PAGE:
IMR Press / FBS / Volume 5 / Issue 1 / DOI: 10.2741/S360

Frontiers in Bioscience-Scholar (FBS) is published by IMR Press from Volume 13 Issue 1 (2021). Previous articles were published by another publisher on a subscription basis, and they are hosted by IMR Press on imrpress.com as a courtesy and upon agreement with Frontiers in Bioscience.

Review
The role of innate signals in B cell immunity to influenza virus
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1 Graduate Group in Immunology and Center for Comparative Medicine, University of California, Davis, Davis, CA 95616, USA
Front. Biosci. (Schol Ed) 2013, 5(1), 105–117; https://doi.org/10.2741/S360
Published: 1 January 2013
Abstract

Decades of research on mammalian immunity to influenza virus infection have thoroughly established the important contributions made by both the innate and adaptive responses in containing the infection, and in eliminating the virus and protecting from reinfection, respectively. While rapid non-specific innate response is functionally distinct from, yet elegantly complementary to, the delayed-but-specific adaptive response, an increasing number of studies have provided evidence suggesting signals generated during the early innate response can have a significant impact on the quality of the later adaptive response, particularly in the context of influenza virus infection. From these findings emerged the notion that certain innate signals can act directly on B cells, and that this can even help activate virus specific B cells independent of T cell help, marking a major shift away from the current two-signal paradigm of lymphocyte activation. Here we review the current understanding of early B cell responses to influenza virus infection and the role of innate signals (particularly IFN-I and TLR7) in shaping this response.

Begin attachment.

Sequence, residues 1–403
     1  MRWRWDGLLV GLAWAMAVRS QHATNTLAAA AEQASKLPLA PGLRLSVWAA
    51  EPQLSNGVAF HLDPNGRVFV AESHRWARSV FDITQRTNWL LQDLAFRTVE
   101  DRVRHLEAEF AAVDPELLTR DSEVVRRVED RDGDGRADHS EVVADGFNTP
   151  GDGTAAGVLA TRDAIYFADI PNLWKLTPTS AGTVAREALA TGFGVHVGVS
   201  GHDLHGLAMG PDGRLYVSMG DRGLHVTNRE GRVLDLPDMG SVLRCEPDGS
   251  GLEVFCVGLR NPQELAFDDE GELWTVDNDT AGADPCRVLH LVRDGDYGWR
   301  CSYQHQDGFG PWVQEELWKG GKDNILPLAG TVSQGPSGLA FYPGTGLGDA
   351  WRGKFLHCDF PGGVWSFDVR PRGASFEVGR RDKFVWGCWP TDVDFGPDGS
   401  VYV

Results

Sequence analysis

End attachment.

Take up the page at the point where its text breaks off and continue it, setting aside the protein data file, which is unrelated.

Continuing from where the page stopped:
Keywords
Influenza
Virus
Infection
Respiratory tract
Hemaglutanin
HA
B-lymphocytes
B cells
Innate
Humoral
antibody
Immunoglobulin
Isotype
Ig
IgG
IgM
Toll-like receptor
MyD88
TLR7
TLR3
TLR9
Type-I interferon
IFN-alpha
IFN-beta
Cell cycle
Systemic lupus erythmatosis
SLE
Pathogen associated molecular pattern
PAMP
RIG-I
RIG-I like receptor
RLR
NOD-like receptor
NLR
CD80
CD86
CD69
Plasmacytoid dendritic cell
pDC
Mediastinal lymph node
Bronchus associated lymphoid tissue
BALT
Lung
Review
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